Last, but not least in terms of opportunities, R addresses the cost pressures that face business users and IT professionals alike. Some might argue that R is free in the way a puppy is free (requiring lots of effort after adoption), but in the context of an organization’s ability to bootstrap an analytic initiative, low startup cost is a critical element. With online courses and a robust community available, analysts can get up to speed quickly and begin to add value with little direct investment from their employers.

Despite all these positive aspects, there are others holding back adoption of R in the enterprise. The downside of being free is the perceived lack of support for enterprises that commit to an open source application. This can be a particularly high barrier in industries with established analytic agendas, such as some areas of banking, consumer products, and Pharmaceutical companies. (Ironically, these industries are some of the biggest innovators with R in other parts of their business.)

And we must note that ease of use for R still seems to stop with an experienced analyst used to a coding paradigm. No graphical user environment such as SPSS Modeler or SAS Data Miner has emerged yet as a standard approach for R, thus the level of user sophistication has to be higher and analytical processes are more difficult to troubleshoot. We have seen offerings that are maturing rapidly that I have already covered as stand-alone tools like Revolution Analytics and also embedded within business intelligence tools like Information Builders.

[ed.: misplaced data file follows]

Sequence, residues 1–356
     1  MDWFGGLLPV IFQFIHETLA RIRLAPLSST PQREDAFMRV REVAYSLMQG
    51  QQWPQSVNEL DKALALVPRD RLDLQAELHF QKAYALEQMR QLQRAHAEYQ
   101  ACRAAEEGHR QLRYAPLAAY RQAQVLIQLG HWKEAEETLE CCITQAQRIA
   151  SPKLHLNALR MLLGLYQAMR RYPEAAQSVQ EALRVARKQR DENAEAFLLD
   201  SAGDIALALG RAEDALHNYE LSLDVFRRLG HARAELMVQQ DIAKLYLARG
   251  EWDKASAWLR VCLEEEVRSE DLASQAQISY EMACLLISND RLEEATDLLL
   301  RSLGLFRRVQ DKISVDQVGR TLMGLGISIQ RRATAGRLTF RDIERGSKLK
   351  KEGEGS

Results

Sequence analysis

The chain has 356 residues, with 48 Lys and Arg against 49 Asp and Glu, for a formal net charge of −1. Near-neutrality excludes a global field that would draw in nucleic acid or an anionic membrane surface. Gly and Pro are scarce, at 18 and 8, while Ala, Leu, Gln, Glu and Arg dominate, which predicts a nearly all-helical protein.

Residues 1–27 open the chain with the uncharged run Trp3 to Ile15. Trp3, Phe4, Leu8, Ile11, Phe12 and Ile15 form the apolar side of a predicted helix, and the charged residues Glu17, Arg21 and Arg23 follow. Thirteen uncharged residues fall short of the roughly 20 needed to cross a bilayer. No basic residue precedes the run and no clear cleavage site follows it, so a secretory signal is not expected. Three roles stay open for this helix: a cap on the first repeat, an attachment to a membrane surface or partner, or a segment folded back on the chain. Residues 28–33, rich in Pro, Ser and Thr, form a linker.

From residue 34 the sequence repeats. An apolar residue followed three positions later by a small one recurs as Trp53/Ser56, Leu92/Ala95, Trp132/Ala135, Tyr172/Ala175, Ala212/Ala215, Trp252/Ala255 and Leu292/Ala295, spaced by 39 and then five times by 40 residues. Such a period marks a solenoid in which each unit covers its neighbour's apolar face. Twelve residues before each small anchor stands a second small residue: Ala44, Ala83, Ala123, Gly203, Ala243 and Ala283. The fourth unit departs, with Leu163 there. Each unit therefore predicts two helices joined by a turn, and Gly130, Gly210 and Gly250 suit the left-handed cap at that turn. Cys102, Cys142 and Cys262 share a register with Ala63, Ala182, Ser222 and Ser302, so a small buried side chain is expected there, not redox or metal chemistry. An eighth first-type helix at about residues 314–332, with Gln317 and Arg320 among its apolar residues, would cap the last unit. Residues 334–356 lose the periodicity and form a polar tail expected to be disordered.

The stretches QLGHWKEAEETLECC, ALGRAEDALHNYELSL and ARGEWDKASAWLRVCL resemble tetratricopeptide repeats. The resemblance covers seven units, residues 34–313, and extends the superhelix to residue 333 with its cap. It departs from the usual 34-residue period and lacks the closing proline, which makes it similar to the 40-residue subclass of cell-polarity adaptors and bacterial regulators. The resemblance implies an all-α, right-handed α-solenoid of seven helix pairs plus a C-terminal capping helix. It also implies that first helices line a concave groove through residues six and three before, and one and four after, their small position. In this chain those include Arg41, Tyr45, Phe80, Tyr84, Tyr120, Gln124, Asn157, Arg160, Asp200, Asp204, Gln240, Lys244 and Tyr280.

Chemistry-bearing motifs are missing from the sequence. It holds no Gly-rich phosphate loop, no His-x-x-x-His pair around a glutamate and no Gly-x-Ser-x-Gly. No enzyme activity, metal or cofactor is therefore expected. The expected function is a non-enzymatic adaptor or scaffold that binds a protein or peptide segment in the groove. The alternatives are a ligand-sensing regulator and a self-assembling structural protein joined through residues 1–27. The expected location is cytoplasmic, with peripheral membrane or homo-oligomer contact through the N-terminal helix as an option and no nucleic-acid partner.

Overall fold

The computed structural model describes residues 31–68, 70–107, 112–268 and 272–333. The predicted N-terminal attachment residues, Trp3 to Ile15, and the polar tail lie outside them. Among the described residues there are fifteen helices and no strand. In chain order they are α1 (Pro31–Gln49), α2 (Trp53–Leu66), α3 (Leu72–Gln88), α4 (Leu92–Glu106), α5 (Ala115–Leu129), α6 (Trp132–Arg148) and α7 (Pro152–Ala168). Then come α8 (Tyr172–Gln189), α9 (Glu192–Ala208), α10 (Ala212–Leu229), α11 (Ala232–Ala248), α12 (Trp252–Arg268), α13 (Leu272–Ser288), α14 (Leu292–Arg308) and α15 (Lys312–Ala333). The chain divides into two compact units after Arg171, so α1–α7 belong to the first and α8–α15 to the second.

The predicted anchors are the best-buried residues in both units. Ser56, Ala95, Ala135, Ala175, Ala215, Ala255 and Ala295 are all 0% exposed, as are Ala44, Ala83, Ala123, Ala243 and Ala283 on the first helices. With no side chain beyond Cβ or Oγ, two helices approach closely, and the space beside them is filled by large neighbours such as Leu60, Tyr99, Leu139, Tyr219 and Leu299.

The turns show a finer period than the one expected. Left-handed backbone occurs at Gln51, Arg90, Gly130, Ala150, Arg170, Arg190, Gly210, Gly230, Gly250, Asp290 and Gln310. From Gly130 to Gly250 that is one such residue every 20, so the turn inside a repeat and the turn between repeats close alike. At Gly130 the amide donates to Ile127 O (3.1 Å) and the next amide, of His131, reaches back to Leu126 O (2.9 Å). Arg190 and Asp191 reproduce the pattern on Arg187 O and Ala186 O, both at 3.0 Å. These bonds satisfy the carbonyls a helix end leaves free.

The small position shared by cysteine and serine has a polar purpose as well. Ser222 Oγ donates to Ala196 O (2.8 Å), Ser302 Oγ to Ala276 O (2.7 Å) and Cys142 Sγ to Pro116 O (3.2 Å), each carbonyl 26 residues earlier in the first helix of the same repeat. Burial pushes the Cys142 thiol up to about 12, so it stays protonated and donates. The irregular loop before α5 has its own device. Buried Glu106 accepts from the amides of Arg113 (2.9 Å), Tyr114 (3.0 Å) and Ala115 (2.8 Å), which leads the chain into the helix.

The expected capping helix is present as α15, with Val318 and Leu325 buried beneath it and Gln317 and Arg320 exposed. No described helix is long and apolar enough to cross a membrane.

Finally, the scalability of R is limited to what is loaded into memory. How large the data sets being analyzed can go is a matter of debate; one LinkedIn group discussion claimed that an R analytic data set can scale to a terabytes in-memory, while my discussions with users suggest that large production implementations are not viable without parallelizing the code in some sort of distributed architecture. Generally speaking, as analytic data sets get into the terabyte range, parallelization is necessary.

vr_predanalytics_benifits_of_predictive_analyticsIn my next analysis, I will look at some of the industries and companies that are using R to achieve competitive advantage, which according to our benchmark research into predictive analytics is the number one biggest benefit of predictive analytics for more than two-thirds of companies. I will also highlight more updated on how enterprise software vendors’ strategies and where they are incorporating R into their software portfolios.


Tony Cosentino

VP and Research Director